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EE 405

Instrumentation & Measurement


M. Sabih
Assistant Professor
EE-DHA Suffa University

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Topics
• Chapter 1: The General Measurement System
• Chapter 2: Static Characteristics of Measurement System Elements

• Book:
Principles of Measurement Systems, 4th Edition, John P. Bentley

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Chapter 1:
The General Measurement
System

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Purpose and definitions
• The purpose of a measurement system is to link the observer to a
process which generates information.

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Purpose and definitions (cont’d...)
Definitions
• Process: A system which generates information, e.g. a chemical
reactor, a car, a human heart, or a weather system.
• Observer: A person (or another system) that needs the information,
e.g. a plant operator, a driver (or engine control system), or a nurse.
• Measurement system: A system that measures information carrying
quantities, processes them, and presents them to the observer.

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Structure of measurement systems

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Structure of measurement systems (cont’d)
Sensing elements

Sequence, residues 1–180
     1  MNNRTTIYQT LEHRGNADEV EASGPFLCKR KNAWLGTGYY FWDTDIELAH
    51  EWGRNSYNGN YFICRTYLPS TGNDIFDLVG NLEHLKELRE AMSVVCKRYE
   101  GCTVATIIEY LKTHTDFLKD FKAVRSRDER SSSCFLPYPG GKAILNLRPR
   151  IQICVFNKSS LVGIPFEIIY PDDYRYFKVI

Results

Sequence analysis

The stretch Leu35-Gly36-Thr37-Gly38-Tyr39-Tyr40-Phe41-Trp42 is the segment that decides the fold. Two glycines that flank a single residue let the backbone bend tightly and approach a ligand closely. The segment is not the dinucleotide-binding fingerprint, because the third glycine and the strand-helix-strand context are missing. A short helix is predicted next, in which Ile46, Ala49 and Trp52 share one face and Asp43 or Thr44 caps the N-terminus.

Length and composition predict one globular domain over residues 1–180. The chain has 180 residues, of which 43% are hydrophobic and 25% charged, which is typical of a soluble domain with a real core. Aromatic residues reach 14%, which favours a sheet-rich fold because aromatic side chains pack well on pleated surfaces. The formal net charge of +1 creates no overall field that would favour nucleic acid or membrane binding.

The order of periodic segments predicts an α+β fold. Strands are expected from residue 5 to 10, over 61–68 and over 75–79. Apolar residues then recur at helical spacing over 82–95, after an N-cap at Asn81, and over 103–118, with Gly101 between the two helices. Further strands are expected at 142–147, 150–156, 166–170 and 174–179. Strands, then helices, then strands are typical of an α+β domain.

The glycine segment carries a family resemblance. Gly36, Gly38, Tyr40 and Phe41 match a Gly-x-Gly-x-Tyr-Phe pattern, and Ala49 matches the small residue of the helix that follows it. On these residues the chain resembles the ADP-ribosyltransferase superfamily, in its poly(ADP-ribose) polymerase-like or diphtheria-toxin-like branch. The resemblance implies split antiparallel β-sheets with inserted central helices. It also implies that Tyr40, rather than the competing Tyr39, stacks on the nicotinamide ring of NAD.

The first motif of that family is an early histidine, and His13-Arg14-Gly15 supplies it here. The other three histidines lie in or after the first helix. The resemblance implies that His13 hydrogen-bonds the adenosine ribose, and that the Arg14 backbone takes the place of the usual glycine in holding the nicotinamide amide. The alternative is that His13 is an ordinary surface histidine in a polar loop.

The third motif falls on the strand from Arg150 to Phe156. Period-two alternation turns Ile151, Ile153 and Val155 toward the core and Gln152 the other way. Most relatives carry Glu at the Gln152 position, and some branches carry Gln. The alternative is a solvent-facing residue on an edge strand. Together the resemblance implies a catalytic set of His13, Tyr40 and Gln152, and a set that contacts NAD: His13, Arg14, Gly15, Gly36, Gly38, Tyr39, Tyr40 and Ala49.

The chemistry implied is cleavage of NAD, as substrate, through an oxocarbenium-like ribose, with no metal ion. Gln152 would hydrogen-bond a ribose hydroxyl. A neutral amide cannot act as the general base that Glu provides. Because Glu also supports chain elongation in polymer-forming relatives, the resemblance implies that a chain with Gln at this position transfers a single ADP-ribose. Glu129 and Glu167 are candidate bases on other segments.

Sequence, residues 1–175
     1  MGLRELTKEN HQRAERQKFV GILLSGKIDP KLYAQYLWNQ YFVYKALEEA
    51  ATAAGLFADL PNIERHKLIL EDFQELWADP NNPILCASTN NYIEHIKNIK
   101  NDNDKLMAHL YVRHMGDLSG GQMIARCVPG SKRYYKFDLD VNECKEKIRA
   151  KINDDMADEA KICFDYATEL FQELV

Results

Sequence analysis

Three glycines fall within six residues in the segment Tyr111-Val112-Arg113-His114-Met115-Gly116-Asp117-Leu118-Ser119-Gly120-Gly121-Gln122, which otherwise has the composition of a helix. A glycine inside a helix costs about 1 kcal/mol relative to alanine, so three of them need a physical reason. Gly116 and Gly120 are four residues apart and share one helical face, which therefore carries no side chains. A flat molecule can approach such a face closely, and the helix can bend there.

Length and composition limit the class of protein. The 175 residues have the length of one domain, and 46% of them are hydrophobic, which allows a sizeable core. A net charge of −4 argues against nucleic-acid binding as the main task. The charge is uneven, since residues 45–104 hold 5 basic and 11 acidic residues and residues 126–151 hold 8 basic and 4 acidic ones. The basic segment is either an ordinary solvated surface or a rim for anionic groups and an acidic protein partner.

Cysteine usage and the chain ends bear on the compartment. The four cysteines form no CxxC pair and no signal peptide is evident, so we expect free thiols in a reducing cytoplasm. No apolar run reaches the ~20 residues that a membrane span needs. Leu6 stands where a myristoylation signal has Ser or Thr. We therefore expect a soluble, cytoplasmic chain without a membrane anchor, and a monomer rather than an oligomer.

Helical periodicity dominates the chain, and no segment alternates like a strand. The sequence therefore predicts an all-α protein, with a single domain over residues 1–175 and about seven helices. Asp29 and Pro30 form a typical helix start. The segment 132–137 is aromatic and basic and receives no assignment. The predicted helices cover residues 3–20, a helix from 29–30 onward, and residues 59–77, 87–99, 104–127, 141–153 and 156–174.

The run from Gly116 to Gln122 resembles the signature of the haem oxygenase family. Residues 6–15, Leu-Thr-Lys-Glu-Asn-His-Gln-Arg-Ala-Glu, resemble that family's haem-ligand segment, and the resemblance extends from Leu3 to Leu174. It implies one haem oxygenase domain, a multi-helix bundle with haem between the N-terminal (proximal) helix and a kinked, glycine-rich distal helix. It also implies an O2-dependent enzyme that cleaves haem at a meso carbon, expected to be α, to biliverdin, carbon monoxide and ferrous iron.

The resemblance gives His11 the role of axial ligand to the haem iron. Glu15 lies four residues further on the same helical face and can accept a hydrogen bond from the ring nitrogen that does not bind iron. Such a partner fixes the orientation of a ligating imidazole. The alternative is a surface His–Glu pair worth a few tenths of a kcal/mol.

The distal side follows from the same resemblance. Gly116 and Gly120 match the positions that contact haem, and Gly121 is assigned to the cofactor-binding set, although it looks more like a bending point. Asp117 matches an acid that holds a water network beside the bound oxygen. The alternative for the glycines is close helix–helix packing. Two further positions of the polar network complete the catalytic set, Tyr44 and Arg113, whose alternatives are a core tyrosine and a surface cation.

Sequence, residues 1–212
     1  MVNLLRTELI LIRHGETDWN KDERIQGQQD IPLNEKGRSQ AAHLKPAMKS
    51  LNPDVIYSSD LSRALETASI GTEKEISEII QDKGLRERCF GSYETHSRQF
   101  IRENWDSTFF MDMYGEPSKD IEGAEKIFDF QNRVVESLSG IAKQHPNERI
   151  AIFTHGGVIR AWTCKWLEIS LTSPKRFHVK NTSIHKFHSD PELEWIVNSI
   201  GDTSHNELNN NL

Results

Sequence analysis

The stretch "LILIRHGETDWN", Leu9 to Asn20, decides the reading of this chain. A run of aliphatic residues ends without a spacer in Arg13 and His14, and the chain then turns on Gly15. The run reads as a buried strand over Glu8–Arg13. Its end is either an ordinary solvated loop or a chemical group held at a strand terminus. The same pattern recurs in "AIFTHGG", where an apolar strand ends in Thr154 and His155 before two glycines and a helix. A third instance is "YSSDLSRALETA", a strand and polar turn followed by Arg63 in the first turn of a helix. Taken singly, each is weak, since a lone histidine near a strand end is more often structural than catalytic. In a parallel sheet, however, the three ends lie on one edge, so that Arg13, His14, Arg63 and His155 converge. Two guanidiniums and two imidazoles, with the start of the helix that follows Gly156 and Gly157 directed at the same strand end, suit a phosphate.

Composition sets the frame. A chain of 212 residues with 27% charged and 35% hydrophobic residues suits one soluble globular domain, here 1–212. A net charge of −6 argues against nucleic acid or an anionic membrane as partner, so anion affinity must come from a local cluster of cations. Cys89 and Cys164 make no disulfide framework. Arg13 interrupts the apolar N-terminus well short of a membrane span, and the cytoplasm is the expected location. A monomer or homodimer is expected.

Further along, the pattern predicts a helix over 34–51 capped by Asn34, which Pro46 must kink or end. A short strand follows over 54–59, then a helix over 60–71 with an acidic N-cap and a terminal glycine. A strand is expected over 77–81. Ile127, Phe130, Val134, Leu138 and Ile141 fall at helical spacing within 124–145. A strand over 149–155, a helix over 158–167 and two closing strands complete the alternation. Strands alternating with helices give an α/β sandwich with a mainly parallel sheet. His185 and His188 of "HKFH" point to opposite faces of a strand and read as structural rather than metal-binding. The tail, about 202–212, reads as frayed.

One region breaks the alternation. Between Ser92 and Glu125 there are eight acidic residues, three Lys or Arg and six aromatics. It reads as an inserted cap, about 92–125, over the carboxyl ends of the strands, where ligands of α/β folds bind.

• In contact with the process and gives output that depends on the
variable(s) to be measured.
• Thermocouple – voltage depends on temperature.
• Strain gauge – resistance depends on mechanical strain.
• Orifice plate – pressure drop depends on flow rate.
• Ultrasonic transducer – electrical output depends on mechanical forces
(vibrations) acting on the surface of the transducer.

Some sensing elements (sensors) depend directly on the physical variable of


interest, while others have a more complex connection to the underlying
mechanisms.
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Structure of measurement systems (cont’d)
Signal conditioning elements
• Converts sensor outputs to more suitable forms.
• Deflection bridge – converts impedance changes to voltage changes.
• Amplifier – amplifies millivolts to volts, for example.
• Oscillator – converts impedance changes to variable frequency
voltage.

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Structure of measurement systems (cont’d)
Signal processing elements
• Analog-to-Digital converter (ADC) – samples a continuous voltage to a
digital signal for input to a computer, micro processor (μP), DSP, etc.
• Computer, μP, DSP – calculates the values of measured variables given
digital input.

The signal processing elements can also combine values from multiple
sensors in order to calculate some higher-level quantity.

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Examples of Measurement Systems

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Temperature measurement system using
Thermocouple and Arduino

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Examples of Measurement Systems

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Examples of Measurement Systems

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Examples of Measurement Systems

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Chapter 2:
Static Characteristics of
Measurement System Elements

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Chapter 2: To study individual element’s behavior
against inputs and environmental conditions
• Types of Characteristics or behavior:
• Static or Steady State Characteristics (When Input is constant or slowly
changes)
• Dynamic Characteristics (When Input is changing considerably
or fast)

• What is element here?